A U.S. judge on Monday ruled that Microsoft Corp's LinkedIn unit cannot prevent a startup from accessing public profile data, in a test of how much control a social media site can wield over information its users have deemed to be public.
The Brazilian government is proposing changes in domestic internet governance that would endanger the participation of civil society and the multistakeholder model.
On August 8th, the government published a call for comments that would allow important changes in the national Internet Governance Steering Committee (“CGI.br”), without even first consulting the committee itself. This has taken the Brazilian internet community by surprise.
The UK has released a statement of intent describing a forthcoming bill that would make major revisions to the the country's data protection law. The new rules would follow the EU's General Data Protection Regulation by strengthening rules for obtaining consent, making it easier for consumers to withdraw consent, and improving consumers' ability to access, move, and remove data about themselves. The bill would also expand the definition of "personal data" to include DNA and IP addresses and would make it a crime to re-identify individuals from anonymized data.
This weekend Apple took a dispiriting step in the policing of its Chinese mainland App store: the company removed several Virtual Private Network (VPN) applications that allowed users to circumvent the China’s extensive internet censorship apparatus. In effect, the company has once again aided the Chinese government in its censorship campaign against its own citizens.
On Tuesday February 14, 2017 the bill for the new Intelligence and Security Services Act was passed by the Dutch lower house. Despite being met with serious opposition from experts, regulators, civil society, political parties and citizens, the revised bill passed virtually unchanged from the proposal submitted to the lower house.
On several points the revised bill is an important improvement on the current law, and on the proposal that was put up for public consultation in 2015. For instance, many of the agency’s powers now will require a sign-off from the Minister of the Interior and a review committee. We’re also pleased to see the construction of a framework for online research conducted by the agencies.
Human rights judges have backed a Turkish MP, who complained that the six week interception and surveillance of all electronic communication in the country, amounted to a breach of human rights. The European Court of Human Rights’ 18 July decision in the case Mustafa Sezgin Tanrıkulu v. Turkey (no. 27473/06) declared a Violation of Article 8 and a Violation of Article 13.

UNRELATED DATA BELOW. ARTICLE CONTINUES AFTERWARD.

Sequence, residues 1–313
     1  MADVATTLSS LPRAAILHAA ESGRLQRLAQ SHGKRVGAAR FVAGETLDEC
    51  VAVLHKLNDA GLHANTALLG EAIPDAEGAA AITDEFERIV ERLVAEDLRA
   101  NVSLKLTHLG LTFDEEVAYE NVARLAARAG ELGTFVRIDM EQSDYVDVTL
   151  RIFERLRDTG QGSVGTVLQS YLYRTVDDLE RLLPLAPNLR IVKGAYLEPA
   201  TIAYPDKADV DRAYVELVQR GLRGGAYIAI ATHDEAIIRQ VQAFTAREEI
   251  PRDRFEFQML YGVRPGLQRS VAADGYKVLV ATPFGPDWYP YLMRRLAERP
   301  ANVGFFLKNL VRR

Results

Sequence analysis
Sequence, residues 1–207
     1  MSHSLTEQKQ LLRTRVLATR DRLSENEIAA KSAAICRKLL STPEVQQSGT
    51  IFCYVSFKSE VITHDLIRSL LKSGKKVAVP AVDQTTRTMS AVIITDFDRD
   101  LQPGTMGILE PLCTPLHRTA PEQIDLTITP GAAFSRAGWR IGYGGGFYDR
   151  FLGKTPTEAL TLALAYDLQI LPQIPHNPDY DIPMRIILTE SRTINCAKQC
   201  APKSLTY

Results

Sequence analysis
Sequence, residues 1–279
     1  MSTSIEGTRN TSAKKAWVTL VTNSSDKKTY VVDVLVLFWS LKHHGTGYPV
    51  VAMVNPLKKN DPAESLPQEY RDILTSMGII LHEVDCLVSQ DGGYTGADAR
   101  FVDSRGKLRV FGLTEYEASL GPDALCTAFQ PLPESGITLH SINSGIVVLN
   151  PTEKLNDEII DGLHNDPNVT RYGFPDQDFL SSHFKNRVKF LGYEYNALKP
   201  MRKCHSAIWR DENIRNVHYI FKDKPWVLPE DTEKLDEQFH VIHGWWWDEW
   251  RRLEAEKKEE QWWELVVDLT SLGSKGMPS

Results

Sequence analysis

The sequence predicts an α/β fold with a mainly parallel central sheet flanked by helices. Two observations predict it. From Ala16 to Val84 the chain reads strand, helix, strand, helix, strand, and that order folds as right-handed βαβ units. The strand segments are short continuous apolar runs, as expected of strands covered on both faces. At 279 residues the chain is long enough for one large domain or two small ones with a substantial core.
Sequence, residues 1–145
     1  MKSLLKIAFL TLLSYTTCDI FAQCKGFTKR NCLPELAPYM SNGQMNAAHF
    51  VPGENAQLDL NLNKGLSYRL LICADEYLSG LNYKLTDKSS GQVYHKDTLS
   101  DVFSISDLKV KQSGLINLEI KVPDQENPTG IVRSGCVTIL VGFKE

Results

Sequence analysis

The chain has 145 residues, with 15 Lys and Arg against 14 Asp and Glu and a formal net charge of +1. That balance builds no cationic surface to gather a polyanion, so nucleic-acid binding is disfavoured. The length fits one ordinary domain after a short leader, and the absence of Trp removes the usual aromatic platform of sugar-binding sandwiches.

The decision is available here.
In a victory for fairness and rule-based Internet governance, an independent review panel has decided that ICANN was wrong to deny retailing giant Amazon, Inc. the top level domain AMAZON. Key elements of the decision were unanimous, particularly the conclusion that the Board “cannot accept GAC consensus advice as conclusive".
Google's dispute with France's privacy watchdog over a call to apply "right to be forgotten" rules globally to some Web links will be weighed by Europe's top court.
The annual report from the Danish Intelligence Oversight Board (TET) was published on 7 July 2017. Under Danish law, TET is tasked with overseeing the data collection and data processing practices of the Danish Security and Intelligence Service (PET) and the Danish Defence and Intelligence Service (DDIS). Both intelligence services operate mostly outside European Union (EU) law because of the national security exemption in the EU Treaties.
Today, on 26 July 2017, the Court of Justice of the European Union (CJEU) confirmed that the EU/Canada deal on collection of air travellers’ data and sharing it breaches European law. This is the third time that the European Court has ruled against arrangements for mandatory storage of personal data.
On 23 June 2017, EDRi member Asociația pentru Tehnologie și Internet (ApTI) along with The National Association of Librarians and Public Libraries of Romania (ANBPR) and the Center for Independent Journalism (CJI) organised a meeting on the topic of the proposed EU Copyright Directive. Member of the European Parliament (MEP) Victor Negrescu took part in the event.
On 5 April 2017, the Norwegian government proposed an amendment to the Norwegian code of criminal proceedings to allow the police to compel the use of biometric authentication. After two quick debates, the Norwegian Parliament passed the proposition into law on 21 June.
On 11 July 2017, the Dutch Senate passed the bill for the new Intelligence and Security Services Act. With the Senate vote, a years-long political battle has come to an end: the secret services have been given dragnet surveillance powers.
The top EU Court has struck down an EU-Canada agreement on the processing of airline passenger records. The Passenger Name Record agreement mandated data retention and permitted the bulk transfer of personal data provided by passengers booking a flight. The Court of Justice of the EU explained "the PNR agreement may not be concluded in its current form because several of its provisions are incompatible with the fundamental rights recognised by the EU." The data can reveal "a complete travel itinerary, travel habits, relationships existing between two or more individuals, and information on the financial situation of air passengers, their dietary habits or their state of health."
Last week, the Committee on Culture and Education (CULT) of the European Parliament voted on its final opinion concerning the Commission’s Directive on Copyright in the Digital Single Market.